Operators looking to stay on-trend with their menu items are being warned by the Connecticut attorney general and Center for Science in the Public Interest (CSPI) to avoid Internet scams related to acai berry products.
Connecticut attorney General Richard Blumenthal began an investigation Monday into the business practices and questionable science associated with the berry products primarily pitched by Internet companies.
According to the CSPI, there is no scientific evidence that the Brazilian berry (pronounced a-sigh-EE) will help consumers shed pounds, cleanse colons, or perform any other advertised claims.
“If Bernard Madoff were in the food business, he’d be offering ‘free’ trials of açai-based weight-loss products,” says CSPI senior nutritionist David Schardt.
The online scam works like this: After promising a 14-day free trial of açai berry products, the companies make it virtually impossible to cancel the trial, resulting in charges to consumer credit cards ranging anywhere from $59 to $89.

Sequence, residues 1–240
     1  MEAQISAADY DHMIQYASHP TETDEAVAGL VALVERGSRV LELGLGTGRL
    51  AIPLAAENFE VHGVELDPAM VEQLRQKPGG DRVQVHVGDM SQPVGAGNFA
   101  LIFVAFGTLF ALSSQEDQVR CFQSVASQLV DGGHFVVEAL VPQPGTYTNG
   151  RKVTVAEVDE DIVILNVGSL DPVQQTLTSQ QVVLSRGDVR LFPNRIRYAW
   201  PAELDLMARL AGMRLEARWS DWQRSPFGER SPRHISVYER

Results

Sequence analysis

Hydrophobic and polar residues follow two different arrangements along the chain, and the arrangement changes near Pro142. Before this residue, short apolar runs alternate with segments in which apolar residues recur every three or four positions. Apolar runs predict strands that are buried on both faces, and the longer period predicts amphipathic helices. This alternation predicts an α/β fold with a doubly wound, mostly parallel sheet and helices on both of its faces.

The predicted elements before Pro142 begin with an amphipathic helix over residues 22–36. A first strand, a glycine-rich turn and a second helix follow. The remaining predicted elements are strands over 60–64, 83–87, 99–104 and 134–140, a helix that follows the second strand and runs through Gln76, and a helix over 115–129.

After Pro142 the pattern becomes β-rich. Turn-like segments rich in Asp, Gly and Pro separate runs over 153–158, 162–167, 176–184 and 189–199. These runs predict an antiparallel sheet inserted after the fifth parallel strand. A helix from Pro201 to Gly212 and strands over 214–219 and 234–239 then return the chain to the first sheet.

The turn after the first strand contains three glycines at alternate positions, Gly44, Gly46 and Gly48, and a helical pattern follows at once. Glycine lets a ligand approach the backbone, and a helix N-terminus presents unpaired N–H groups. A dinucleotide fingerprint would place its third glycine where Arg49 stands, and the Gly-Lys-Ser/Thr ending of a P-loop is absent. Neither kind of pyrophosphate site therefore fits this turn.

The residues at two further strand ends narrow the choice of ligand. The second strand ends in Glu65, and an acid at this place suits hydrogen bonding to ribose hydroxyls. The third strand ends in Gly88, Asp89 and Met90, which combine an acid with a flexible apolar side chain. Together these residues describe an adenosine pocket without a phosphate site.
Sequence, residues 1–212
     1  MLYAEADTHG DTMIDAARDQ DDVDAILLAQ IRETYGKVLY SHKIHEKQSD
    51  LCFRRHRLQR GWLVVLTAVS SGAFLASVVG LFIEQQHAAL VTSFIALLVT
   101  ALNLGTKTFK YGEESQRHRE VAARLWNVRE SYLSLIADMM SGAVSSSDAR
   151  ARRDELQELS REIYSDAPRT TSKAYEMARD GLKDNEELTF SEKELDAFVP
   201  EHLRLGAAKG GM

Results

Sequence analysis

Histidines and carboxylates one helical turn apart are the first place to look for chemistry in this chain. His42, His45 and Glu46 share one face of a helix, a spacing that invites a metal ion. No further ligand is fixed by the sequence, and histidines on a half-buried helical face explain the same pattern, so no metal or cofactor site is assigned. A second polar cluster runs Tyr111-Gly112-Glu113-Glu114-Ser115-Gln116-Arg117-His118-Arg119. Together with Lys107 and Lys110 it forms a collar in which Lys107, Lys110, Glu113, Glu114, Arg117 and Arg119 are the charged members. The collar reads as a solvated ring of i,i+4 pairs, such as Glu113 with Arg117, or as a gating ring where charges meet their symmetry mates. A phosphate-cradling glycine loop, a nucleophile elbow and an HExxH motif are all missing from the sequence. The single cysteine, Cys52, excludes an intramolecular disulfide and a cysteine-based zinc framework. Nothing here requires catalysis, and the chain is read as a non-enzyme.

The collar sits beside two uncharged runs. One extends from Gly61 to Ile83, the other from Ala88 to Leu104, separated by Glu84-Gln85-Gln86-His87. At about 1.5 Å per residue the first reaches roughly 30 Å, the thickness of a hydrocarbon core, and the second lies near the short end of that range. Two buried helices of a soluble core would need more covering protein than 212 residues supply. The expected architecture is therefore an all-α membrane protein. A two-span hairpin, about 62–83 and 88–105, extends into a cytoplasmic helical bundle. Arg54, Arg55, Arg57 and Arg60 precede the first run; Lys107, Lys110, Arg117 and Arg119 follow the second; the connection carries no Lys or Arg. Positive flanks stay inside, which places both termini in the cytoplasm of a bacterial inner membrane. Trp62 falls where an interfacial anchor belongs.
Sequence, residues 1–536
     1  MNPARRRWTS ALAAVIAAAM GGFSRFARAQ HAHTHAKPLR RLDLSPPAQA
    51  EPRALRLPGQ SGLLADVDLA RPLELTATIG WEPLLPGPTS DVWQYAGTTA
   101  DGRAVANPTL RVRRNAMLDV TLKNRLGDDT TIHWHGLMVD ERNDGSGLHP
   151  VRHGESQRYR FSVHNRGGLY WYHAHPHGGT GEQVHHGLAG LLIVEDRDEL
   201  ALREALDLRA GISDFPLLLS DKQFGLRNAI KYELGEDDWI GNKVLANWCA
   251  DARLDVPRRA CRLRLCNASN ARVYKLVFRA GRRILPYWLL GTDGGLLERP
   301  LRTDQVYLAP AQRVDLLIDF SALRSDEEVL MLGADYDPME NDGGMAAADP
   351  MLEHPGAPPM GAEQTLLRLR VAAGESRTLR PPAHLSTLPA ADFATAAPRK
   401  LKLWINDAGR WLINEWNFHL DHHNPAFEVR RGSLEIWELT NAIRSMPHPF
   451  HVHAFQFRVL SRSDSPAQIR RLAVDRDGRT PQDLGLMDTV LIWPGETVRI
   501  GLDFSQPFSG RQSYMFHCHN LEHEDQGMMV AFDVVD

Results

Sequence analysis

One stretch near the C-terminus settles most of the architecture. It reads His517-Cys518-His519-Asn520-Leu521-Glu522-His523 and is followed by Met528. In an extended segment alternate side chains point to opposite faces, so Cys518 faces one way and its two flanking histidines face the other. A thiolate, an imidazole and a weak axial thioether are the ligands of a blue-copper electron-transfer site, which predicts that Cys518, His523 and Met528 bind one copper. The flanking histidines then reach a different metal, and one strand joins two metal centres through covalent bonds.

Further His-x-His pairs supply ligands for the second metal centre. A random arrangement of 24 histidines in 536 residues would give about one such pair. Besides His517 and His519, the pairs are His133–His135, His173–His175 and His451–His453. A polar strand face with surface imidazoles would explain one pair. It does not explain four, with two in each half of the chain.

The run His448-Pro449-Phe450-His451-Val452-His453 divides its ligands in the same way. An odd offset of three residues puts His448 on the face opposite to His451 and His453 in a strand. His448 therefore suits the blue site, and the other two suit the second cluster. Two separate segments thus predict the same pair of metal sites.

“We will investigate these allegedly misleading or deceptive nutrition and health claims and take action under our consumer protection statutes—as we have done with other food products,” Blumenthal says.
“As problematic as the berries are the bills,” he says.
Açai began attracting attention in 2005 on the belief that its juice was especially high in antioxidants.
The CSPI, however, is out to set the record straight.
According to a statement by the group, “açai juice has only middling levels of antioxidants—less than that of Concord grape, blueberry, and black cherry juices, but more than cranberry, orange, and apple juices.”
Once the berry was mentioned on “The Oprah Winfrey Show” in 2008 and again on “Rachael Ray” that same year, the hype quickly grew.
Soon after, ads on Google, Facebook, and major news media Web sites began appearing, drawing consumers to sites with names like Oprah-best-acai.com , OprahsAmazingDiet.com, DrOzMiracle.com, rachaelray.drozdiet-acaiberry.com, and dozens of others.
Both women have publicly disassociated themselves from the açai sites that used their names without authorization.
“These claims are based on folklore, traditional remedies, and outright fabrications—unproven by real scientific evidence,” Blumenthal says. “In reality, consumers lose more money than weight after free trials transition into inescapable charges.”
Açai companies with F ratings from the Better Business Bureau include Pure Açai Berry Pro (Advanced Wellness Research), AçaiBurn, Açai Berry Maxx (FX Supplements), and SFL Nutrition.